Months ago I hatched the idea of having a gaming weekend for our AnalogGame Group but the idea kind of fizzled. Rich secretly brought the idea back tolife and scheduled, with the help of Lisa, a gaming weekend (dubbed theAnalog Game Weekend – AGW.) and they worked to make it a surprise for my 40th birthday.
When I got home Friday night, my gaming group was standing in my livingroom, Lisa had packed my bags and my group threw me in the car and weall caravaned to Deer Creek State Parkfor an entire weekend devoted to Analog Board Gaming!
It was a fantastic weekend and I’d love to make it an annual event. Besides the 2 tons of food we dragged down there, we all contributed games tothe cause. Lisa had surprised me with a game order that included:
I think this is a comprehensive list of the games that we playedover the weekend by one gaming table or another.
Pictures for Analog Game Weekend – AGW are also available in the Photo Gallery.
The initial board layout of Samurai. It had been awhile since we’d played but we all were back up to speed on the rules pretty quickly in this great offering from Reiner Knizia. When I bought this game it was one of the last ones around and it was going out of print. However, I think more have been printed and it’s available from most online ‘designer game’ stores.
Lisa is contemplating her final move which ended the game clinching her victory and taking the final three pieces. I’ve never played a game that had one each of high hat, rice paddy, and buddha and the final player was able to play several tiles to ensure dominance over all three final pieces.
This month’s game was Rich’s unopened copy of San Juan by Andreas Seyfarth. It’s been a little while since we’ve played but this lighter “card game” form of Puerto Rico is pretty darned good. I have to agree with Ken though that I think the game would be better with 4 instead of 5. With 4 players, you would always have 1 unchosen role at the end of each round leaving you more unsure of how the round will play out. When you’re sure somebody has to Build, Trade, or Produce every round, then it leaves a little bit to be desired. However, that being said, I do like to play this game.
I felt a little bad at the end because the final score left me the winner but I have no idea how that happened. There was some question about how I counted my cards etc. and it felt like a ‘dirty’ victory. I even zoomed in on the final shot of the table and counted my Victory Points again and I think I was right on. I feared I might have counted my Chapel cards as violet cards but I hadn’t. The killer card, I believe was the Hero card that I purchased late in the game for 5 VPs that is worth 5VPs in the end.Enough gibberish…here are the pictures and ridicule. Keith showed off his new Canon G7 to one up my Canon G5 and I’ve included a few of his shots as well.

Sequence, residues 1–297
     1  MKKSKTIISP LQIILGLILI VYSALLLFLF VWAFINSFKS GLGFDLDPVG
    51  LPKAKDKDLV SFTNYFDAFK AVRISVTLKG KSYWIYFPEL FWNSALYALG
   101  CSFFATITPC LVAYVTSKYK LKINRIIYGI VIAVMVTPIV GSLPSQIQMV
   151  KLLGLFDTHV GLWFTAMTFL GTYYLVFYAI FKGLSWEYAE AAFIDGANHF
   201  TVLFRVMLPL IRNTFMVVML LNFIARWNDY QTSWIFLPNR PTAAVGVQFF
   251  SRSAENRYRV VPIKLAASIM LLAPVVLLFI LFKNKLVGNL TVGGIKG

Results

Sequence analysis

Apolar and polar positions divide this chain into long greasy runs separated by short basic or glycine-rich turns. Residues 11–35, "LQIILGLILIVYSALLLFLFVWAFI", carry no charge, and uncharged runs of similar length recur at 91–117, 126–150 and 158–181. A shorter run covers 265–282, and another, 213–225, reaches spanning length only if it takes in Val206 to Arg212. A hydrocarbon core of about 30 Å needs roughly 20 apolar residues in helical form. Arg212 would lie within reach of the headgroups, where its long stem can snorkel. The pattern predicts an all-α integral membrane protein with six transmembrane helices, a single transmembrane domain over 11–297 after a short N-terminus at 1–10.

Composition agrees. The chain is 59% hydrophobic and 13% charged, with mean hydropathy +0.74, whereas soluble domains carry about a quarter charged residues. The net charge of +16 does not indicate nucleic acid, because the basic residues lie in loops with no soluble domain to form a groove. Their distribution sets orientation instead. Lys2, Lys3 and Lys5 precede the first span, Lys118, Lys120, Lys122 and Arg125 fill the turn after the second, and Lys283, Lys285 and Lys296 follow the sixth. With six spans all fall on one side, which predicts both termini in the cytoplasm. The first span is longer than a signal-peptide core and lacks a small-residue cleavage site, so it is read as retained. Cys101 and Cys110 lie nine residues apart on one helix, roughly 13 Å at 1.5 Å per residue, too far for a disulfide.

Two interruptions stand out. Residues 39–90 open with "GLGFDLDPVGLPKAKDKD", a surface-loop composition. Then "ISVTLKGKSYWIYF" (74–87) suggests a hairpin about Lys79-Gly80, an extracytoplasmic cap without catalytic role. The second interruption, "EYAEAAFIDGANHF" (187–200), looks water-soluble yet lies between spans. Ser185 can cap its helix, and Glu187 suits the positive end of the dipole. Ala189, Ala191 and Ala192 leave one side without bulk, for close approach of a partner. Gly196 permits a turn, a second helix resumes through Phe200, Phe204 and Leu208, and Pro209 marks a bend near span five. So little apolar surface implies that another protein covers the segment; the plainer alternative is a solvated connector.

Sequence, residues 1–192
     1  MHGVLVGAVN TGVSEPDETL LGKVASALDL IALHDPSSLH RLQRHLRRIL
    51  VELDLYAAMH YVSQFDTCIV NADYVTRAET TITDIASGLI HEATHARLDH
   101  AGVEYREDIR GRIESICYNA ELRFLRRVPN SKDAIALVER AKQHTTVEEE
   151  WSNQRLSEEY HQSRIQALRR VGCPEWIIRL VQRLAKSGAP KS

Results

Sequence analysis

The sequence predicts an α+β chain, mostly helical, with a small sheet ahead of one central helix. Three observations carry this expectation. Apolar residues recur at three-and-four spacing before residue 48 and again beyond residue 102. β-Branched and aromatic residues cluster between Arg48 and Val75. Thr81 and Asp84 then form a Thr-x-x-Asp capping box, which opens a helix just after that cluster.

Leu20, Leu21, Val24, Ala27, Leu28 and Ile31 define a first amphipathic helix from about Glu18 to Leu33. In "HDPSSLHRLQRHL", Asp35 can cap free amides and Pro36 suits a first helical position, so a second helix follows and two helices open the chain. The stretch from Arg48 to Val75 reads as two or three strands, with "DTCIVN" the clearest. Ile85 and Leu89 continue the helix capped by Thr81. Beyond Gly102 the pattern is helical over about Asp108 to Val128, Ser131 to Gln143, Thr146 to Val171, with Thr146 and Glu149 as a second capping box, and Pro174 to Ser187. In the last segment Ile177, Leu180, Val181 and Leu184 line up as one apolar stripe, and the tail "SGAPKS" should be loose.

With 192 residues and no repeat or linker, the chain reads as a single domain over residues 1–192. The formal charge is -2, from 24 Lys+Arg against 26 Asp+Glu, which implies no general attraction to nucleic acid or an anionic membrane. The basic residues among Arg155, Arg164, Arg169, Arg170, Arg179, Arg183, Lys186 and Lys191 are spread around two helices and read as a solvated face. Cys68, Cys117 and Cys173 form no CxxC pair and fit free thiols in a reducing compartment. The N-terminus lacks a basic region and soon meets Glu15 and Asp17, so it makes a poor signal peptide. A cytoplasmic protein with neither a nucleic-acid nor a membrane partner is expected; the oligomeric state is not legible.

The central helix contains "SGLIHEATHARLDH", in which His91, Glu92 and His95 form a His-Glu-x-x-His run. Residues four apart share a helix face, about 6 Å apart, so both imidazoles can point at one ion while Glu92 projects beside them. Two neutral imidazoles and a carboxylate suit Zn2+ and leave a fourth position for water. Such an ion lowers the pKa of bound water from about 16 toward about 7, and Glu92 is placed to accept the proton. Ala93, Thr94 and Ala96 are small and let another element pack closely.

Noah and I finally got around to playing the ‘City’ variant to Carcassonne that I bought a while ago. I’ve always liked the original version but this one is much better. A lot more strategic options to deal with. It might be that Noah beat me by 21 points after playing a partial game that has me a little irked though…
This month’s game was Keith’s copy of Kill Doctor Lucky from the venerable Cheap Ass Games . We tracked down some colored poker chips to act as our pawns (CheapAss games sometimes require you to borrow common parts from other games….’cause, well, they’re cheap asses).
The game requires you to move your pawn around a set of rooms on the assembled paper “board” either drawing or playing cards, and/or attempting to murder the ever moving Dr. Lucky. Your attempts to kill Dr. Lucky with your weapon cards (our favorite was Ken’s massive blow with the “Monkey Paw”) can be thwarted by other players tossing out “Failure” cards.
We all felt that the game’s feel didn’t change too much during play and it stagnated while we ran through the Failure Cards until somebody messed up letting an attacker win.
It probably deserves another play using some of the proposed variants described in the author’s “commentary” track in the rules. Keith seemed especially keen on the “kill other players” variant. I can’t say why but I felt a little concerned for his soul…
We then played three rounds of 6-Nimmt, a good filler game to close out the night early. Thanks go to Paul for hosting and I hope Ken didn’t keep anyone up too far past their bedtime.
This month’s game was Ticket to Ride. Ken was gracious enough to bring his copy and after a quick run through the rules we were off and running. Well, most of us were. Keith was mostly hoarding cards with all of his “blind” draws. I have to give him credit though. If it hadn’t been for Rich’s underhanded train placement Keith would have been the easy winner. Rich actually caused Keith to lose the game at the end when he tied me but had to “take back” 9 points for not meeting one of his goals. Keith, you should blame Rich.
Ken was supposed to bring Ticket to Ridethis month. It was his big chance. It was the whole reason he bought the game.Every fiber of his body wanted to participate by bringing the game. Ken, however, let us all down and forgot it at homeand didn’t realize it until he walked in the door.